Saturday, 16 April 2011

Digital photo's ALL NEED some adjustment!

Hello, today I am going to be explaining a little bit about digital images and levels adjustments for them. Whilst many people take photographs with digital camera's and are happy with the results straight from camera, it is a fact that every single photograph that has been taken with a digital camera can be improved with some minor adjustments with  photo editing software. Sharpness can be improved and here I will give a few examples of using photoshop to improve the levels.
I'm sure that even the free version of PS will allow some levels adjustments so here we go.

Ok we will take a shot that has come straight from Raw file and saved as a jpg.
If we open this shot in PS and then look at the menu that runs along the top of of the screen in PS, Click on image then drop down to adjustments. From here, click auto levels. This is Photoshops best guess at what the scene should look like and a lot of the time it is pretty much on the money as can be seen here.
The colours are richer and more saturated and the whole image looks better.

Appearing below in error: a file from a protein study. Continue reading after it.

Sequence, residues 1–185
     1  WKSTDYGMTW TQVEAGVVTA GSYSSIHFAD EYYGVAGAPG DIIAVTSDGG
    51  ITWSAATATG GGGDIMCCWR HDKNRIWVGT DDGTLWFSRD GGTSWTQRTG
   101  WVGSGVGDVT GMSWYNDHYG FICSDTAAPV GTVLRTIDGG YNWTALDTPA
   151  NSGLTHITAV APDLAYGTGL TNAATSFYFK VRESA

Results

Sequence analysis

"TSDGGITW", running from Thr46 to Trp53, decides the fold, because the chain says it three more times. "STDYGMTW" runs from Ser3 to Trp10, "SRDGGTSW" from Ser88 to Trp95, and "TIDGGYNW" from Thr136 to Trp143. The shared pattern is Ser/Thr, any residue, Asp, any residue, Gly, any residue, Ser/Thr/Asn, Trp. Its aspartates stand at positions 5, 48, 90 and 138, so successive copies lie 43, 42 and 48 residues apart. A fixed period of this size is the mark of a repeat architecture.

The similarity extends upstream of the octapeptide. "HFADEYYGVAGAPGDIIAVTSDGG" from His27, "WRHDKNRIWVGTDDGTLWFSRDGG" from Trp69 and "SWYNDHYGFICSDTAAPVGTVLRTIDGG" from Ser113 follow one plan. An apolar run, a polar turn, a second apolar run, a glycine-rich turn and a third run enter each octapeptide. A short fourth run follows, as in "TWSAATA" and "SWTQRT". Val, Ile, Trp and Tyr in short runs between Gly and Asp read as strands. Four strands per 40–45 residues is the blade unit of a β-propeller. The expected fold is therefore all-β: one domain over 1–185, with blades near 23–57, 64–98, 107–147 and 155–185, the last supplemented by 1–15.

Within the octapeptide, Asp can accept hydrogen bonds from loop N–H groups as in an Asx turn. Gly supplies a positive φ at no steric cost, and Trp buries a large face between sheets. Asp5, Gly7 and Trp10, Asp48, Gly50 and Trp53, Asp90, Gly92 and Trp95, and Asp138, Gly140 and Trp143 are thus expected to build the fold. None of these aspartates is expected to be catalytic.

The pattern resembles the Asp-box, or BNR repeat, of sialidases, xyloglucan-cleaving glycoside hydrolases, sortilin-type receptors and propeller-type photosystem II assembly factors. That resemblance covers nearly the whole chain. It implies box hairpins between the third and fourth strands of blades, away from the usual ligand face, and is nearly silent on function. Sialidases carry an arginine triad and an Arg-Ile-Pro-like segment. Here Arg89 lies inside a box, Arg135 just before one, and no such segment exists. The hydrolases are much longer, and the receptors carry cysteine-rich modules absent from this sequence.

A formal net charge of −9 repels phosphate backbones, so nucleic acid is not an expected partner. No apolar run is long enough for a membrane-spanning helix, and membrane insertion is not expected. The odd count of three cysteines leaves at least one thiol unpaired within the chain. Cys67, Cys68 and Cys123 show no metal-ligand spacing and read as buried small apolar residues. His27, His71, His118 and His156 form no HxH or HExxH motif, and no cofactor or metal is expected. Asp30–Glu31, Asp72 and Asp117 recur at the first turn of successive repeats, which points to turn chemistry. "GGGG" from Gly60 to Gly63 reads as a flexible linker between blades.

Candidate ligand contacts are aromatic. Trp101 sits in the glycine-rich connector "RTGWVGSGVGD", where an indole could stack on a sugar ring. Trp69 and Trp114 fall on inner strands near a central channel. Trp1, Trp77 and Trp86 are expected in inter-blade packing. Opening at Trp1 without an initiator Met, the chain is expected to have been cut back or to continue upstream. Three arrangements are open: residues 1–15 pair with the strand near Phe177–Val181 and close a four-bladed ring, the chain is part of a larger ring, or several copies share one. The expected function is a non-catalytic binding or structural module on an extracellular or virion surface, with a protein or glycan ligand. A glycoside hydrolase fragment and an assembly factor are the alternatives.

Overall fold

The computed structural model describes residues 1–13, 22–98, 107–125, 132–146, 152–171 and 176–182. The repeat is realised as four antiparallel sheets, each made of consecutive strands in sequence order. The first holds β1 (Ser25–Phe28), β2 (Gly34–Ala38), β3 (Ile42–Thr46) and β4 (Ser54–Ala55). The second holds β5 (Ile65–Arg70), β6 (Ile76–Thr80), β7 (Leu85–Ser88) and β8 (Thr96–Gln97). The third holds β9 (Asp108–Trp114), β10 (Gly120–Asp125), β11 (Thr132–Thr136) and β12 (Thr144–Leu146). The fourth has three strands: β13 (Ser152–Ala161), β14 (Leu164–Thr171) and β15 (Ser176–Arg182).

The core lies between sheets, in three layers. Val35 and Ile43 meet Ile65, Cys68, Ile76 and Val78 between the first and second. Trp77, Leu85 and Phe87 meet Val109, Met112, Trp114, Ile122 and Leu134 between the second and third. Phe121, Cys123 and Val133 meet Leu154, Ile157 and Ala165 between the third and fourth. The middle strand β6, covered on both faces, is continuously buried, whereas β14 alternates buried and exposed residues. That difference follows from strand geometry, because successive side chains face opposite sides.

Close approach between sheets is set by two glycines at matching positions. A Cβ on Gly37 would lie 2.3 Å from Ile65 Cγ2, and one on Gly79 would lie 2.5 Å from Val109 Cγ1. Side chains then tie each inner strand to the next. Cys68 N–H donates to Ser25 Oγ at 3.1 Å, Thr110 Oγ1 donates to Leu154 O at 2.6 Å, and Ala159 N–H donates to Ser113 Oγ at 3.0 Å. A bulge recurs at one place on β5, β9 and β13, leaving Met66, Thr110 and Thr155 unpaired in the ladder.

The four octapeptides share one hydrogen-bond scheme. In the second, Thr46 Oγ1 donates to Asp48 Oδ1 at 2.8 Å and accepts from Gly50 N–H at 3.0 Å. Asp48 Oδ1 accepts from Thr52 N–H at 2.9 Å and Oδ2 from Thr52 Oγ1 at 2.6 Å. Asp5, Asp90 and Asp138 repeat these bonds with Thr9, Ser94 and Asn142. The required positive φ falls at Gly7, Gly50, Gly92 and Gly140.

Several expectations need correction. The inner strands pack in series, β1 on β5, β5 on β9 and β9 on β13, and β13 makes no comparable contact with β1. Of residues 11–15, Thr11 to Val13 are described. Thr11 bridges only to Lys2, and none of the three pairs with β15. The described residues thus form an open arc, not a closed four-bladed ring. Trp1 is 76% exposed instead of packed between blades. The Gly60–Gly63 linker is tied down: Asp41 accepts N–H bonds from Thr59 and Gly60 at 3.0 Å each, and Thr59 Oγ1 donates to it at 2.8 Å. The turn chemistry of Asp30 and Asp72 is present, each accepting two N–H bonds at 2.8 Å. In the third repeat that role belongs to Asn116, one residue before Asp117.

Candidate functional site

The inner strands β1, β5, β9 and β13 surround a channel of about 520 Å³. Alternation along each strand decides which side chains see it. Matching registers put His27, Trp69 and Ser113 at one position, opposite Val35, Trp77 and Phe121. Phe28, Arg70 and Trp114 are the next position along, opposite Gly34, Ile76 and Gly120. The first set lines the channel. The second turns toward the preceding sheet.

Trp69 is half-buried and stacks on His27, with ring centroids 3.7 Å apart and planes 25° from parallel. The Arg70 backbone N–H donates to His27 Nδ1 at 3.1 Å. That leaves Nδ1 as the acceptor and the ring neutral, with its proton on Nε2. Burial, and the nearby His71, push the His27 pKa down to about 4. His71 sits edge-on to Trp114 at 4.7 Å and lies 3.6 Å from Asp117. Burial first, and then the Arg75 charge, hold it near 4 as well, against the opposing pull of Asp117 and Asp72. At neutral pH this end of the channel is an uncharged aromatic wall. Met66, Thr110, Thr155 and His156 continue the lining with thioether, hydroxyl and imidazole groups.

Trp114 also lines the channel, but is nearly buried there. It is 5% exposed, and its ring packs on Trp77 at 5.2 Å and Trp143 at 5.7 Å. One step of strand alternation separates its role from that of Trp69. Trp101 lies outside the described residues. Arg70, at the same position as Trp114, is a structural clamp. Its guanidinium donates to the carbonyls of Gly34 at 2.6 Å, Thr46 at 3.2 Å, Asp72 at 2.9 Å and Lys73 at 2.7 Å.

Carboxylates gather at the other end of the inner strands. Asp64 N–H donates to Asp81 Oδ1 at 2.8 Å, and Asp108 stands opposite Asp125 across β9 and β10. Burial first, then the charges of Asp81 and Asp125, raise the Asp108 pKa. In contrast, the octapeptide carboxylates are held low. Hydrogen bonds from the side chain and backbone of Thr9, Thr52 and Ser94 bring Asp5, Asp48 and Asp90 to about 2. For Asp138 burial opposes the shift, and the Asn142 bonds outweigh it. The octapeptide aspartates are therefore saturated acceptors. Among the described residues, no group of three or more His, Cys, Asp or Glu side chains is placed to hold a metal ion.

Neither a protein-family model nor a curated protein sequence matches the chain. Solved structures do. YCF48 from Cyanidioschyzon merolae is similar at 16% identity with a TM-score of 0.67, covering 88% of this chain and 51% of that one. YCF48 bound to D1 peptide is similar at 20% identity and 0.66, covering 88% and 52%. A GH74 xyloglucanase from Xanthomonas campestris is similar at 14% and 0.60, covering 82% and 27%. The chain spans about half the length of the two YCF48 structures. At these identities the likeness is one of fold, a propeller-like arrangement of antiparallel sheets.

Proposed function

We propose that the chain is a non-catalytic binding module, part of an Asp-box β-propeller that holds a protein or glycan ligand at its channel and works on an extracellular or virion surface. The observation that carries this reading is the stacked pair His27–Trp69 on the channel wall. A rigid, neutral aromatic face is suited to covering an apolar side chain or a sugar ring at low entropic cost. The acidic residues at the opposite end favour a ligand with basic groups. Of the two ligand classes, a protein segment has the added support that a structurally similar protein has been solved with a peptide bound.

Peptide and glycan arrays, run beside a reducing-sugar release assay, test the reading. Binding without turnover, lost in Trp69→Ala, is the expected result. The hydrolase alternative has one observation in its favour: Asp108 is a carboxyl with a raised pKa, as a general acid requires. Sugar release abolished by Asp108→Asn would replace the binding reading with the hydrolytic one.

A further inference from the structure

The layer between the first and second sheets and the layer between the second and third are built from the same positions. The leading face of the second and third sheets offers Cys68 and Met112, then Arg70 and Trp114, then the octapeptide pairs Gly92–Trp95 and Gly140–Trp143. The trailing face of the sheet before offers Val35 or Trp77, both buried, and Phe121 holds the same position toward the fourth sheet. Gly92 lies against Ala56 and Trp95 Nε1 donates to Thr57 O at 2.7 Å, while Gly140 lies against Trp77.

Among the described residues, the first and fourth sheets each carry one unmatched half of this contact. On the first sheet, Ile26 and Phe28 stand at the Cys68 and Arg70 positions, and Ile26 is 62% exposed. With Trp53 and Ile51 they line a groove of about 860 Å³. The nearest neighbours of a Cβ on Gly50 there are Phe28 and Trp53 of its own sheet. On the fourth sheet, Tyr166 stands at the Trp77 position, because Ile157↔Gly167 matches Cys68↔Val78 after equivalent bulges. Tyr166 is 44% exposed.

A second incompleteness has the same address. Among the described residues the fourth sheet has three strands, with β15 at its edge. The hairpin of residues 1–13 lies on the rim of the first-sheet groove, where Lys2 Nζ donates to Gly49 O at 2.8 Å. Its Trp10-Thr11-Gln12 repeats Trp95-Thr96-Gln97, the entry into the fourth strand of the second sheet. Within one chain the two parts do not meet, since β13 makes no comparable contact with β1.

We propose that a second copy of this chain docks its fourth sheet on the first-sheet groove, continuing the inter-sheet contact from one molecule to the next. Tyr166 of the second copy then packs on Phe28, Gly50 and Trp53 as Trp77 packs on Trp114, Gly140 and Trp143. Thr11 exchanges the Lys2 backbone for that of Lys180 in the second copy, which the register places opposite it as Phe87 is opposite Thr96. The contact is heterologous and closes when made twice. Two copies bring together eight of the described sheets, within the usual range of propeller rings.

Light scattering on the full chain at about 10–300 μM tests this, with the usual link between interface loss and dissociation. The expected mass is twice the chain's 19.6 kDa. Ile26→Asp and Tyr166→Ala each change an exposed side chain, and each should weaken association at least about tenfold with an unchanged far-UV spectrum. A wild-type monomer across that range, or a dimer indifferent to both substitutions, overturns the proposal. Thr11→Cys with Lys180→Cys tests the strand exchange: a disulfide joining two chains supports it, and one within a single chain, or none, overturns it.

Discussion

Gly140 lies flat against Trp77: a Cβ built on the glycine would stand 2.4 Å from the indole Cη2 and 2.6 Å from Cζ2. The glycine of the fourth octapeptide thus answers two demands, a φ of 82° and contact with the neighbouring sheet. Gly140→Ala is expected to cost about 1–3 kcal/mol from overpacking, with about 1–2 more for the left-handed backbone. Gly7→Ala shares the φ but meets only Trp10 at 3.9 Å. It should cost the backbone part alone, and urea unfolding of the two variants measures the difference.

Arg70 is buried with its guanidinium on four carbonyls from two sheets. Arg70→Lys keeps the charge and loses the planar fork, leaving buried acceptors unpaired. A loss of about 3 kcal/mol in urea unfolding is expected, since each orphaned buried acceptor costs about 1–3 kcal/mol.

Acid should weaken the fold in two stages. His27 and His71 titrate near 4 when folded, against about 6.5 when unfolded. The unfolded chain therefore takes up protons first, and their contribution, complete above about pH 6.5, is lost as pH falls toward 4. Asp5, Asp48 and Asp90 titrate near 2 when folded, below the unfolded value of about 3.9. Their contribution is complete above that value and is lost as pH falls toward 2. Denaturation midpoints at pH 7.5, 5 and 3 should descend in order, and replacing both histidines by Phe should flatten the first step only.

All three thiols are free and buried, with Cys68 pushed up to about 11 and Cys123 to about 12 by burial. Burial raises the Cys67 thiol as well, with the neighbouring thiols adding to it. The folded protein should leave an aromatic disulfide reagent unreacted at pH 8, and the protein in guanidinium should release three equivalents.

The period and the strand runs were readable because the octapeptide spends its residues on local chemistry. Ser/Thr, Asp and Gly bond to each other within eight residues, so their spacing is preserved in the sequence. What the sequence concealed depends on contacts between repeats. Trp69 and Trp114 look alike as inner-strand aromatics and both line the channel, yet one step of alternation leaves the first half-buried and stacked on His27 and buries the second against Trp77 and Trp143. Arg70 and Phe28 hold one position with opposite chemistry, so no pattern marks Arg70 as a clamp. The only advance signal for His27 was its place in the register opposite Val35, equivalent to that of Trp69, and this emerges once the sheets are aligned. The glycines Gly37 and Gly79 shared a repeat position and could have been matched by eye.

The levels adjustment when used manually allows you to have even more control over how things are adjusted. If we take the following image again straight from camera and load it into PS.
Ok it doesn't look too bad to start off with but it can be improved using levels adjustment in a matter of under a minute. Again click on image and then adjustments, this time instead of selecting auto levels select levels.
(if you click on the image it will open on a larger scale) you can see that there are 3 sliders below the graph (histogram) this represents highlights mid tones and shadows. If we adjust them by grabbing them and dragging them you can see the different effects that doing so have on the image.
Whilst I have not made any massive changes as you can see the image is enhanced by some subtle changes to the sliders.

Whilst it doesn't look like much of a difference, when you compare the 2 images I think that it is well worth spending less than a minute making these simple adjustments to improve your final images.

No comments:

Post a Comment